UIS Philosophy Major To Work With Army Research Lab
Based on his work with Prof. P. Boltuc, UIS Philosophy major, Jonathan Milton, has been awarded a research mentorship with Dr. Troy Kelley of the Army Research Laboratory (ARL) in Aberdeen, MD. It is a part of the recent grant Sciences for Maneuver Basic Research Refresh entitled “APPLE: Adaptive Perception Processes for Learning from Experience”.
Mr. Milton will be participating in a research program designed to look at modern Artificial Intelligence problems, specifically, learning from experience over a long period of time. The mentorship with ARL is expected to last for 3 years, mostly in an online format, and will extend during and beyond Jonathan’s graduation from UIS. In students own words: “While I was enrolled in the Philosophy Senior Seminar last fall semester, Dr. Boltuc (UIS Philosophy Department) encouraged me to write my final paper on existing problems with regard to robots and artificial intelligence. I am extremely flattered that Dr. Boltuc thought so highly of my paper, and after it was graded I was encouraged to send it to Dr. Kelly at the ARL whose work we covered in class, in order to get some constructive feedback from subject matter experts. I am extremely excited at the prospect of visiting the ARL to see the work being done there firsthand.”
Grace Latimore presented at the 2016 NCUR
UIS Senior Grace Latimore received funding through the Undergraduate Research Support Program to travel to Asheville, North Carolina for the annual conference of the National Council on Undergraduate Research (NCUR). To learn more about Grace, please view her Leadership Lived video.
2015-2016 Undergraduate Student Research Grant Award Winners
Mackenzie Atchie (mentor Frances Shen), Department of Psychology
Perceptions of Homosexual and Heterosexual Domestic Violence Cases and the Effects of Masculine and Feminine Physical Traits
While gender and sexual orientation in domestic violence cases have been extensively studied, research on the effects of masculine and feminine physical traits is limited. To examine the effects of these variables on public perceptions of domestic violence cases, Mackenzie Atchie’s study used a hypothetical domestic violence case scenario that varied only in gender, sexual orientation, and masculine/feminine physical traits of the perpetrator and victim. She found that variables such as attitude toward punishment, intimate partner violence, sex role stereotyping, and homosexuality, and participants’ demographics affected participants’ judgments of punishment severity and crime seriousness across cases. Masculine and feminine physical traits were not found to be significant predictors of ratings for crime seriousness or punishment severity. She also found that gender and participant demographics such as religion and race/ethnicity may be associated with bias against certain domestic violence cases. These results suggest that people working with victims and perpetrators of domestic violence may need to be more aware of how cases are handled. Mackenzie presented her work at the 2016 STARS, 2016 Midwestern Psychological Association and the 2016 Association of Psychological Sciences conferences in Chicago.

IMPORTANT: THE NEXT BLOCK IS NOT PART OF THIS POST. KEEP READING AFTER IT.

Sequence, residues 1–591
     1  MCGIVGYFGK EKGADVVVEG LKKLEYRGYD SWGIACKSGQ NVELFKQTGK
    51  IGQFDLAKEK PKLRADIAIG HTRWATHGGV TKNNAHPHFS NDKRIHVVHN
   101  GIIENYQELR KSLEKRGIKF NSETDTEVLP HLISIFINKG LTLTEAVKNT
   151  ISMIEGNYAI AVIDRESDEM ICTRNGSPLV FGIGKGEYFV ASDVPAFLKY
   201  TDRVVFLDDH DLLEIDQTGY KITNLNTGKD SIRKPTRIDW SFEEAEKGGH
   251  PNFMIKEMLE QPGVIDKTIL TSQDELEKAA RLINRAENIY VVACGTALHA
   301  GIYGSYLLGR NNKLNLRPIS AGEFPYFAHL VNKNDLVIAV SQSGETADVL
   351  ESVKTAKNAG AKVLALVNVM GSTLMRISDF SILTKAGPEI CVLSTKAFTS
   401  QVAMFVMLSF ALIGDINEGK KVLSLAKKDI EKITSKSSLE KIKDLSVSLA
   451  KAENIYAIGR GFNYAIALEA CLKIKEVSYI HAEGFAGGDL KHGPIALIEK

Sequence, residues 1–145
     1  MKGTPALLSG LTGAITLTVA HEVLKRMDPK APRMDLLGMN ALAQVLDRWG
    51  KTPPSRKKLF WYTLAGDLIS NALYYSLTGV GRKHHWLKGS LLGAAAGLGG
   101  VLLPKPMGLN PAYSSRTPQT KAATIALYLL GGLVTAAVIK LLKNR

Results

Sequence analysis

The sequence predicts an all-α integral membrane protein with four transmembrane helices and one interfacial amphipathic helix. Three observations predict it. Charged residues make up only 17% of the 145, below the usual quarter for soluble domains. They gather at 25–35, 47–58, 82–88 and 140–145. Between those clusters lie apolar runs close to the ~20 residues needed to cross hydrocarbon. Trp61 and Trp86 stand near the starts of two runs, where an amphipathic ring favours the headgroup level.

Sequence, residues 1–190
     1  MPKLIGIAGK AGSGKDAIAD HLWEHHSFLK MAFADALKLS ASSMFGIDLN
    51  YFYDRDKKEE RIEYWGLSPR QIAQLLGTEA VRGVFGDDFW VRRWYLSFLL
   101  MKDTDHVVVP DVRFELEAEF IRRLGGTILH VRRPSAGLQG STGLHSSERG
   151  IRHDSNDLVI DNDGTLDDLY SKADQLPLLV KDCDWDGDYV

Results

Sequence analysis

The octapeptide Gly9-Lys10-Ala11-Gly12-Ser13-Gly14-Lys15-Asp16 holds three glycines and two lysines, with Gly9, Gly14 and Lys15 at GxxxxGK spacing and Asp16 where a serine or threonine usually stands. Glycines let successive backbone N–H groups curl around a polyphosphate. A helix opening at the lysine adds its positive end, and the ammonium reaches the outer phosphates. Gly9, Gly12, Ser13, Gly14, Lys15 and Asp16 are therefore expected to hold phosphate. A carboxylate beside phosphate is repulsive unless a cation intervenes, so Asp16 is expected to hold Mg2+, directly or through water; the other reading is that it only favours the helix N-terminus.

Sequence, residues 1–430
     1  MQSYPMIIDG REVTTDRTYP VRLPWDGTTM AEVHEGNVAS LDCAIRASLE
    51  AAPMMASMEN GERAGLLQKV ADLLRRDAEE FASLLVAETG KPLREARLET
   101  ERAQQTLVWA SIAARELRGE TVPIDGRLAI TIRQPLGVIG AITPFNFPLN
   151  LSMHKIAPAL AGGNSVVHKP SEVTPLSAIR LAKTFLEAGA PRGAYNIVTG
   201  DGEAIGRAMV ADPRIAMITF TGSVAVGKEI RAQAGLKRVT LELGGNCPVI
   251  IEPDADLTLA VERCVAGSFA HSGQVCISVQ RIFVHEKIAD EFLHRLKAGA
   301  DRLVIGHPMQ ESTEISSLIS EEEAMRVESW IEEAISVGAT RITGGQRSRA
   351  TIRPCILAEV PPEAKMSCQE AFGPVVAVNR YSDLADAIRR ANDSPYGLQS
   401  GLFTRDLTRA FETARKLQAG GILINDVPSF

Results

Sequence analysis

David Bova and Sara Stutzman (mentor Karen Reinke), Department of Psychology
Individual Differences in Responses to Emotional Faces
Previous work has shown that spatial attention can be modulated with facial expressions. This modulation has been displayed in a variety of tasks, but in particular, with the dot-probe task. Given that the dot-probe task has been used to explore the extent of attention modulation in general, it is used again here in order to explore individual differences. Participants viewed two face stimuli for 250 ms, one left and the other right of fixation. These were immediately replaced by a target dot presented in either location. Reaction times to the target were the dependent measure. There were three trial types: congruent (one fearful face and one neutral face with the target appearing in the location of the fearful face), incongruent (one fearful face and one neutral face with the target appearing opposite of the fearful face), baseline (both faces were neutral and the target could appear in either location). These individual differences were the subject of further exploration utilizing the State Trait Anxiety Inventory (STAI) and a Face Rating Scale. The Face Rating Scale assisted in exploring whether a participant’s opinion on the facial expression had an effect on the resulting speed of their response. The STAI helped determine if a participant’s level of anxiety (during the study and in general) made them more reactive to fearful faces. The Face Rating Scale and dot-probe task were randomized to ensure there was no third variable influencing responses. David and Sara presented their findings at the 2016 Association for Psychological Sciences annual convention in Chicago.
Jacob M. Eikenberry (mentor Benjamin Walsh), Department of Business Administration
A Study of the Effects of Workplace Incivility and Grit on Burnout in Domestic Violence Program Employees
(Re)Shaping effective services for underprivileged populations is necessary to affect meaningful changes in the population. Since social service employees act as liaisons between poverty stricken populations and needed resources, protecting relationships between clients and employees is vital. In this research, Jacob Eikenberry examined the effects of workplace incivility and grit on burnout in a sample of domestic violence program employees. They found that workplace incivility was positively correlated to burnout, but they did not find support for the hypothesis that grit would moderate the relationship between workplace incivility and burnout. This suggests that, perhaps, social structural solutions are needed to protect employees from burnout. An interaction effect illustrated that employees low in grit consistently showed burnout when exposed to client incivility, whereas employees high in grit showed burnout only when client incivility levels were low. Jacob presented the poster at the 2016 STARS and the 2016 Midwestern Psychological Association’s annual conference in Chicago.